China Ag Center · Publications
Minghao Li, Wendong Zhang, and Chad E. Hart. 2018. "What Can We Learn about U.S.-China Trade Disputes from China’s Past Trade Retaliations?" CARD Policy Brief. Center for Agricultural and Rural Development, Iowa State University.
With United States exporting over $24.1 billion worth of agricultural and related products to China every year, it is difficult to overestimate the importance of the trade relationship. This is why the trade issues that are currently brewing between the United States and China are making stakeholders in the U.S. agricultural industry nervous, fearing that agricultural products will be the target for China’s retaliatory measures. Just last week, China announced that it may enact 15% tariff on ethanol and 25% tariff on pork products in response to the U.S. steel and aluminum tariffs. In this article, we hope to shed light on some key guiding principles of China’s potential actions in the future by analyzing previous agricultural trade retaliations involving the United States and other countries. We argue that China’s previous choices of retaliation targets follow three principles: targeting products that are proportional in trade value, targeting products that are substitutable, and targeting products that inflict economic and political cost. Since the U.S. steel and aluminum tariffs only affects about $3 billion-worth Chinese exports and U.S. soybean exports exceeds $12 billion, soybeans is not part of China’s response this round because of the proportional retaliation principle. However, U.S. soybean exports, despite its critical significance to China and difficulties to substitute or displace, might be brought into the trade drama if the new proposed tariff on $50 billion Chinese goods are enacted.
Minghao Li, Wendong Zhang, and Dermot Hayes. 2018. "Can China’s Rural Land Policy Reforms Solve its Farmland Dilemma?" Agricultural Policy Review. Center for Agricultural and Rural Development, Iowa State University.
China faces two challenges: (a) preserving the quantity and quality of its arable land amid rapid urbanization; and, (b) consolidating land to increase agricultural productivity. China’s recent rural land reforms on these two aspects have implications not only for China, but the entire world.
Wendong Zhang and Minghao Li. 2018. "Navigating the Chinese Agricultural Economy through the Lens of Iowa." Ag Decision Maker. Extension and Outreach, Iowa State University.
With one in every four rows of U.S. soybeans exported to China, the significance of China on the U.S. agricultural trade and economy can’t be overestimated. This relationship is particularly unique to Iowans with Iowa’s long-time former Governor Terry Branstad now serving as the U.S. ambassador to China. In this article, we showcase key aspects of China’s agricultural economy using Iowa as the measuring stick.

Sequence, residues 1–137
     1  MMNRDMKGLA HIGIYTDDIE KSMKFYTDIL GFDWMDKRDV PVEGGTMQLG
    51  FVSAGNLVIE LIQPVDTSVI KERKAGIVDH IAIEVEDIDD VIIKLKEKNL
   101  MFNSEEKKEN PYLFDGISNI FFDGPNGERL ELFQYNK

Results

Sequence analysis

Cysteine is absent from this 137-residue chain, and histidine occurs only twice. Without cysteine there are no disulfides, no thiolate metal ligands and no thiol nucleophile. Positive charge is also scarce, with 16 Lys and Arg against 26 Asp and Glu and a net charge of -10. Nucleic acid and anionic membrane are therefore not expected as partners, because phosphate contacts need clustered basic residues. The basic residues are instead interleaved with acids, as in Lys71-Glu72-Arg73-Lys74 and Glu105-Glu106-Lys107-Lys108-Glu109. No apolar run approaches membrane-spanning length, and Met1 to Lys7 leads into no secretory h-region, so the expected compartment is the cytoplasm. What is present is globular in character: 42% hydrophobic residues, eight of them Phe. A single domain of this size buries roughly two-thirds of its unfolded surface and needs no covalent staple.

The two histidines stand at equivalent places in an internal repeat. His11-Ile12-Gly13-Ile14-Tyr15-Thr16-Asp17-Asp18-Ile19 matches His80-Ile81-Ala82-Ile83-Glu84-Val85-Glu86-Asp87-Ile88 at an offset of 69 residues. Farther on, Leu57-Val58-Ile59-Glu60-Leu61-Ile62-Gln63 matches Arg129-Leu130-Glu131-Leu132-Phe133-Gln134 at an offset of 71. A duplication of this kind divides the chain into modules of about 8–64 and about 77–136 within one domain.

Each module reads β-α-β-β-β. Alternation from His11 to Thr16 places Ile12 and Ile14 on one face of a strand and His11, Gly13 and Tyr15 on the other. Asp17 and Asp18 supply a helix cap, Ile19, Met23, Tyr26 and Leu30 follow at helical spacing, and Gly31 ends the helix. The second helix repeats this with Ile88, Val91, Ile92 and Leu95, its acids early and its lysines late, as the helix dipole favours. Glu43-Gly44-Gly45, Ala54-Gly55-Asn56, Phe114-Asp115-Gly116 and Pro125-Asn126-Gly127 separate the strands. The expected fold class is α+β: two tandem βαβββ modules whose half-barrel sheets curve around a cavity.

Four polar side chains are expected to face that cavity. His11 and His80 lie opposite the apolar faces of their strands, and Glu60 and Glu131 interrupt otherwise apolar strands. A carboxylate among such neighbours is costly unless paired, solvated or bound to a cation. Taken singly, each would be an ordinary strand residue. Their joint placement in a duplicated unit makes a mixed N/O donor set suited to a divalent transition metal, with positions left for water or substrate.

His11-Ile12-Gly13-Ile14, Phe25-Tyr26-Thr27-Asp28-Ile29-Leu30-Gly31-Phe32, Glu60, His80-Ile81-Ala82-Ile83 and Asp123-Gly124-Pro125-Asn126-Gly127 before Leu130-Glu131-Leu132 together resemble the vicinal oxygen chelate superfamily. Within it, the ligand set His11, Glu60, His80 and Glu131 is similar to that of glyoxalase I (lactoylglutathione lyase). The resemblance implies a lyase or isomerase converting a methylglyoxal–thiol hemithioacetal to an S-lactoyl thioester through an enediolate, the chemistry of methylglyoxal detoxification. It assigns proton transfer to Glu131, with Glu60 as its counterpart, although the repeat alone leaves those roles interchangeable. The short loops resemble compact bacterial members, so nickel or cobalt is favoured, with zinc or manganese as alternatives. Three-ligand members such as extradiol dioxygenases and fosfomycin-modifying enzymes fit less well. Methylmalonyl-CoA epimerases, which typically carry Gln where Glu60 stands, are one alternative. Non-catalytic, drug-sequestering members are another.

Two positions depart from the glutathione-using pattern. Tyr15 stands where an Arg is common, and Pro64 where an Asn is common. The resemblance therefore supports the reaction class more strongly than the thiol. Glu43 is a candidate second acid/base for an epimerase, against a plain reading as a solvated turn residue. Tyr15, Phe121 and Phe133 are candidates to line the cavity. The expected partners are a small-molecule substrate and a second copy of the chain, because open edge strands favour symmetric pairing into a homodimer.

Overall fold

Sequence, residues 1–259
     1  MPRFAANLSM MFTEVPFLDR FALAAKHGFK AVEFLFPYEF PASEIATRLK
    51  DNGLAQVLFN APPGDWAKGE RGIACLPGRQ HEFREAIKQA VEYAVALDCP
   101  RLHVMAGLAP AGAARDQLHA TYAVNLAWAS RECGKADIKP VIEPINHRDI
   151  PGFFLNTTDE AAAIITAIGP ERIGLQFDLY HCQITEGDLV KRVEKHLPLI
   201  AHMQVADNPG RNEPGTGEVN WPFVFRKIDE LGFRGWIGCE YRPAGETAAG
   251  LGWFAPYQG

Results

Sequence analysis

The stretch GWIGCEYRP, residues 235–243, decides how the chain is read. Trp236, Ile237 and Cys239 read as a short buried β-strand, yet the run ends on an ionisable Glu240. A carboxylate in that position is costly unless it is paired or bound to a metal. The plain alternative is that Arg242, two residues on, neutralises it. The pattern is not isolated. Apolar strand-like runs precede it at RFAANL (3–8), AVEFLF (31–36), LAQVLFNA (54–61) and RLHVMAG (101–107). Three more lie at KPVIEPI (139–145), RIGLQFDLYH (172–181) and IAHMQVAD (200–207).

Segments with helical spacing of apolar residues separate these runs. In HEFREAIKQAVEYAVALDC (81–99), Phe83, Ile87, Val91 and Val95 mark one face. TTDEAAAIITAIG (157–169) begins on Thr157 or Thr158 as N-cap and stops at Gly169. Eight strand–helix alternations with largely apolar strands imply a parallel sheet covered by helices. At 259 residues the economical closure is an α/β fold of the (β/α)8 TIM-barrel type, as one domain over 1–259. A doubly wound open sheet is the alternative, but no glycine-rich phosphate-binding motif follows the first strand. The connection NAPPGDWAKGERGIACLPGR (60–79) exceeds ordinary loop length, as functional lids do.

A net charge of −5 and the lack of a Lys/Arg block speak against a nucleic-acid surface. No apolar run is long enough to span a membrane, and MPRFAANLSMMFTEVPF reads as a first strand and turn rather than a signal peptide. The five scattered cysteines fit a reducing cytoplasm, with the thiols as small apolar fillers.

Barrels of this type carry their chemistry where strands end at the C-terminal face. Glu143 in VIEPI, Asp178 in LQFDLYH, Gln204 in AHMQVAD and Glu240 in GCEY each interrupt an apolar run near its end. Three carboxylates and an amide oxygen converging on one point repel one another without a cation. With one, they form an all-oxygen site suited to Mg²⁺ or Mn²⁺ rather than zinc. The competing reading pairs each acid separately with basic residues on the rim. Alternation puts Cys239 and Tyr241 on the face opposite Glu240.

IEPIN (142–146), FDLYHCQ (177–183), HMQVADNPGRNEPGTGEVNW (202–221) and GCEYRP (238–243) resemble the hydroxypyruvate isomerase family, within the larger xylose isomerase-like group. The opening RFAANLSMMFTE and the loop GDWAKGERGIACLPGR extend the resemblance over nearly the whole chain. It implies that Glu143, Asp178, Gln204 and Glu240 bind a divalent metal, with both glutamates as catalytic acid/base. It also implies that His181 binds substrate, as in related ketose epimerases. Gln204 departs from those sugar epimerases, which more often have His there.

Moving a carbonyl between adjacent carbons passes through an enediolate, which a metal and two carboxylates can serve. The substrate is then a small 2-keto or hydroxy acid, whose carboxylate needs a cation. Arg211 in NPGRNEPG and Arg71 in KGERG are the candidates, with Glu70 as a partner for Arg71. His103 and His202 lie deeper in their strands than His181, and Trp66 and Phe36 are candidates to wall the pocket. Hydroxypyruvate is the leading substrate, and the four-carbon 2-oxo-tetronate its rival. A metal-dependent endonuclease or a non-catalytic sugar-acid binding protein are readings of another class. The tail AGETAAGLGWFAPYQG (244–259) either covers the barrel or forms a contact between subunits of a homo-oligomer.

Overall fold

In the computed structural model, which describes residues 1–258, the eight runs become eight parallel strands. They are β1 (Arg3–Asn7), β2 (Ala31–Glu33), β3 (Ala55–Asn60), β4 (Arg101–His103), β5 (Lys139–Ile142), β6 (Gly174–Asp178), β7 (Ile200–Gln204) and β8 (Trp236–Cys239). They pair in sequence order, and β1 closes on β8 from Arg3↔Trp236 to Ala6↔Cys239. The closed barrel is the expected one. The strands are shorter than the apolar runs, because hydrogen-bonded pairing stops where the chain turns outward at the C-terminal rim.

Minghao Li, Wendong Zhang, Dermot Hayes, Riley Arthur, Yantao Yang, and Xiudong Wang. 2017. "China’s New Nationwide E10 Ethanol Mandate and Its Global Implications." Agricultural Policy Review. Center for Agricultural and Rural Development, Iowa State University.
China announced the plan to implement a nationwide E10 (gasoline with 10% ethanol) mandate, by 2020. This mandate will require the fuel ethanol consumption in China to increase by four times. Even if China manages to build enough refineries in the short time, feedstock supply, which is mostly corn, will eventually run into shortage, creating opportunities for ethanol and/or corn importers.
Qianrong Wu and Wendong Zhang. 2016. "Of Maize and Markets: China’s New Corn Policy." Agricultural Policy Review. Center for Agricultural and Rural Development, Iowa State University.
Before 2016, Chinese farmers is protected by a price support program that kept domestic price at about 2~3 times the US price. This support price not only incurred huge cost in payments, but also built up a corn stock that’s more than half of the world’s total stock. Starting from 2016, China switched from the price support to a producer support determined by acres planted. This is a sign that China is downplaying the strategic role of corn, which suggests the possibility of a transition towards greater involvement in the global marketplace.
Chad Hart and Lee Shulz. 2015. "China’s Importance in U.S. Ag Markets." Agricultural Policy Review. Center for Agricultural and Rural Development, Iowa State University.
There’s been a lot of news about China in the last few weeks, from their currency devaluation to significant stock market fluctuations to recent agricultural purchase agreements. Many of these news stories try to address the question of the importance of China to the US economy and assess the impact of Chinese economic shifts on the United States. For agriculture, the importance of the Chinese market has grown significantly over the past decade; however, the impact is targeted at specific sectors within agriculture.
Wendong Zhang. 2015. "The Commonalities and Differences between Chinese and U.S. Agriculture." Agricultural Policy Review. Center for Agricultural and Rural Development, Iowa State University.
China and the US both have a multibillion dollar agricultural industry operating under market mechanism but with heavy government intervention. While the ag industries in the two countries share some common opportunities and challenges related to environment and technology, they also have drastically different natural endowments, policy environments, and market conditions. In this report, Wendong shares his observations of these commonalities and differences.